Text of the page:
Firefighters urge caution after a man dies in fire caused by space heater
Firefighters in Covert, Michigan are asking residents to be careful when using space heaters.
This message comes just one day after a man died in a fire that investigators believe was caused by a portable propane space heater.
"Just like a car or anything else that you use on a daily basis, you just need to know how to use it," said Covert Township fire chief Doug Myers.
Just before 7 a.m. Friday, emergency crews were called out to a home on 76th Street. When they arrived they encountered a fully engulfed house fire. Shortly after arriving they located the home's owner, 75-year-old Jerry Rawson, outside one of the home's windows.
Police say Rawson was able to rescue his dog and climb out of a window, but still didn't make it. He collapsed just outside that window, and was later pronounced dead at the hospital.
Myers responded to that call and says while Rawson's death is a tragedy for the small community, he says it also serves as a reminder of the dangers of misusing space heaters.
Myers says Rawson had two portable propane space heaters in his home, one in his bedroom. Early indications lead investigators to believe the fire started in the bedroom, and was likely caused by the space heater.
The chief says the portable propane space heaters in Rawson's home were meant for outdoor use only.
Myers says that's just one of the many mistakes people make with space heaters, and he thinks it's critical we take the danger seriously.
"It's absolutely critical," he said. "As far as I'm concerned, this is just as dangerous as a gun in the wrong hands."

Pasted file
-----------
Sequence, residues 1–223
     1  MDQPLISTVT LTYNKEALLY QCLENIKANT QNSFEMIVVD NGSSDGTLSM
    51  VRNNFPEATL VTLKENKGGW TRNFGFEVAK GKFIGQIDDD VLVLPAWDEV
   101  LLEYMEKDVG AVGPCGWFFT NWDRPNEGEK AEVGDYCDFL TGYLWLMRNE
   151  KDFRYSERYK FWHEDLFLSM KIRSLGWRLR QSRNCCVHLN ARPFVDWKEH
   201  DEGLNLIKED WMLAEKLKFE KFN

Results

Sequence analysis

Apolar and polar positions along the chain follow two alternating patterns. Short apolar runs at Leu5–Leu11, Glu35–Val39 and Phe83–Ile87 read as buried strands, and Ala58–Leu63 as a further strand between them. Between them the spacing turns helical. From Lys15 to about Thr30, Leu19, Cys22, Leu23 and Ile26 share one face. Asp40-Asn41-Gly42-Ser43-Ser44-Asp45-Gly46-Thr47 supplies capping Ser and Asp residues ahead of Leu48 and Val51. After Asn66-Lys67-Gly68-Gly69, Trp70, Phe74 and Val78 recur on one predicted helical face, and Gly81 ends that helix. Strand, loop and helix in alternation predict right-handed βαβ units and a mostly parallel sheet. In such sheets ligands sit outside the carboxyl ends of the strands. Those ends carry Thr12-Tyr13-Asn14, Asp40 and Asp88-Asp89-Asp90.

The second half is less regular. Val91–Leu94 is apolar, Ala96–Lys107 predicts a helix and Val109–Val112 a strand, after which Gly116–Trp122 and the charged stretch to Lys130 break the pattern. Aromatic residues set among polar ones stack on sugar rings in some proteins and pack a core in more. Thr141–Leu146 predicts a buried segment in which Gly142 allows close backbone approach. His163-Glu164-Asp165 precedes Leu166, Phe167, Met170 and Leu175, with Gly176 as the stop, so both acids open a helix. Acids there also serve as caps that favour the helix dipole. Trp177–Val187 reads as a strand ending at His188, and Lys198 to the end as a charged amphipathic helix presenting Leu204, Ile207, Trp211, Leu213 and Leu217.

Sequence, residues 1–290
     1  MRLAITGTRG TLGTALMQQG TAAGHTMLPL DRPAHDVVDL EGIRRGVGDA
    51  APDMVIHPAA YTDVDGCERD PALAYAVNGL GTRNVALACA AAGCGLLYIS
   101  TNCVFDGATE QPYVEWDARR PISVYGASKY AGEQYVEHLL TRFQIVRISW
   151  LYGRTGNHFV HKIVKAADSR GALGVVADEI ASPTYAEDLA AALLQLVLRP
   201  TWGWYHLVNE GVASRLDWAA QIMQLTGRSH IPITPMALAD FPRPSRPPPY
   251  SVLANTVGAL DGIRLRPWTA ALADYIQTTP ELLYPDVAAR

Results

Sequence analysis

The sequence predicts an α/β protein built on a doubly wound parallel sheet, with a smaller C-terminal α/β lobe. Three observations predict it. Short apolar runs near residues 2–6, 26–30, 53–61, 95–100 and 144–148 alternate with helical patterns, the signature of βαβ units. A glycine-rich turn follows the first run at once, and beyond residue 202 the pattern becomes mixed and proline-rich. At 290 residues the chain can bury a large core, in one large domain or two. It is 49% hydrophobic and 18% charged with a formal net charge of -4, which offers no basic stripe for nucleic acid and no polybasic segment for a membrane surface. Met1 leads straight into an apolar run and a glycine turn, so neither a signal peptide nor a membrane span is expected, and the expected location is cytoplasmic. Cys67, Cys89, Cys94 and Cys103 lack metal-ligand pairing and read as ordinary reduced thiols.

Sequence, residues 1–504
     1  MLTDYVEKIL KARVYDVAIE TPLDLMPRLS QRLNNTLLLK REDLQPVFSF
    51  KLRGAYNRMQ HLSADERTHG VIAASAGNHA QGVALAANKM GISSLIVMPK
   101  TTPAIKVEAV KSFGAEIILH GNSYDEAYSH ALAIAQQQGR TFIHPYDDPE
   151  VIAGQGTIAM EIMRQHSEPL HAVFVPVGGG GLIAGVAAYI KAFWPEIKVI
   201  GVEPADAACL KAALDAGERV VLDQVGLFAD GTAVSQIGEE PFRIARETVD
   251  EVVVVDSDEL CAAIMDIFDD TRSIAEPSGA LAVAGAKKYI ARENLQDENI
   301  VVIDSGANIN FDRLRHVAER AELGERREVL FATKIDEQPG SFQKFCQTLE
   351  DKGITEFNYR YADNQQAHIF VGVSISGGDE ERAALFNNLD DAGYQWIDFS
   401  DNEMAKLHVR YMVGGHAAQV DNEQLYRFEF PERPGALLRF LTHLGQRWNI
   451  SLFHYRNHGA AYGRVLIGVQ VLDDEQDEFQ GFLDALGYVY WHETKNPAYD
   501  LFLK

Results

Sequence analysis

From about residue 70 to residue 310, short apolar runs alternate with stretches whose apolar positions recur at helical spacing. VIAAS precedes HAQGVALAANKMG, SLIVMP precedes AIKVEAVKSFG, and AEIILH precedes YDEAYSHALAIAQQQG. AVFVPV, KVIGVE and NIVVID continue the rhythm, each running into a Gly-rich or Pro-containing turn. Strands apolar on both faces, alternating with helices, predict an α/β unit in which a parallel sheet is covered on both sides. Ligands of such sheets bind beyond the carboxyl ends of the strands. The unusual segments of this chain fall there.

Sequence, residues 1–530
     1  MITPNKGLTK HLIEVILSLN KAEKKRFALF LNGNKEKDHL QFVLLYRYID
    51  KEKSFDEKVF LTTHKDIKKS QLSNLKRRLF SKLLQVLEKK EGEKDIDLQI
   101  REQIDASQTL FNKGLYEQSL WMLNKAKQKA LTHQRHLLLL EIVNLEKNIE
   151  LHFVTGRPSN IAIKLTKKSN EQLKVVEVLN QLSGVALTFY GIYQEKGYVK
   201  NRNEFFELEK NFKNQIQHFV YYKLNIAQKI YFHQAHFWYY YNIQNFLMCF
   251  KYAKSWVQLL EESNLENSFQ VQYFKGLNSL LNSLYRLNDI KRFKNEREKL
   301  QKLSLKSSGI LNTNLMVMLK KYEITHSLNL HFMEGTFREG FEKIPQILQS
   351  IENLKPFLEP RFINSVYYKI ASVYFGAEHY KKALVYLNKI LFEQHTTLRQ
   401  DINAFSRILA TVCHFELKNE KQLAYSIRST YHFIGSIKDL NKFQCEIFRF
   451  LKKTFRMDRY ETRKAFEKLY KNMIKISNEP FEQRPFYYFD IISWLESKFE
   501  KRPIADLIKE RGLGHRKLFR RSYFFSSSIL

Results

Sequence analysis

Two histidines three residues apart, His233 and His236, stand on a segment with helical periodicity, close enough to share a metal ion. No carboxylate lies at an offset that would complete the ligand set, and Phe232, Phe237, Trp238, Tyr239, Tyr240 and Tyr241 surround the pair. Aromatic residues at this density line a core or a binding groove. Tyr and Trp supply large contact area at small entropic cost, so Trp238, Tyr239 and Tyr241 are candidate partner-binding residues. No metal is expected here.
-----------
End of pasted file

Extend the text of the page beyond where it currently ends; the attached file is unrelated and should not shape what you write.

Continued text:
Myers says the danger comes in several forms. Outdoor space heaters may run hotter than ones designed for indoor use. Combine that with homes that are fully furnished with fabrics and furniture that are built with highly flammable plastics and he says it's like lighting a match and tossing it into a pool of gas.
"If you're sleeping and there's a fire that starts in your bedroom, you may not even realize it; fires aren't always loud," Myers said.
He says families on average only have a few minutes to escape a home before it becomes fully engulfed and unstable.
Myers wants us to know there are safe space heaters for indoor use out there, and preventing a deadly fire can be as simple as reading the instructions that come with the space heater.
"They tell you where you can and can't put them, they tell you how to plug them in, what extension cords you might need to get if you have to use an extension cord," he said. "All that stuff is in the instructions because the manufacturers don't want anyone to have any issues as much as anybody else."
Myers says families often times push their luck, using space heaters as their only source of heat. It's a practice he says no one should ever do.
"They're really not designed for a sole source of heat," Myers said.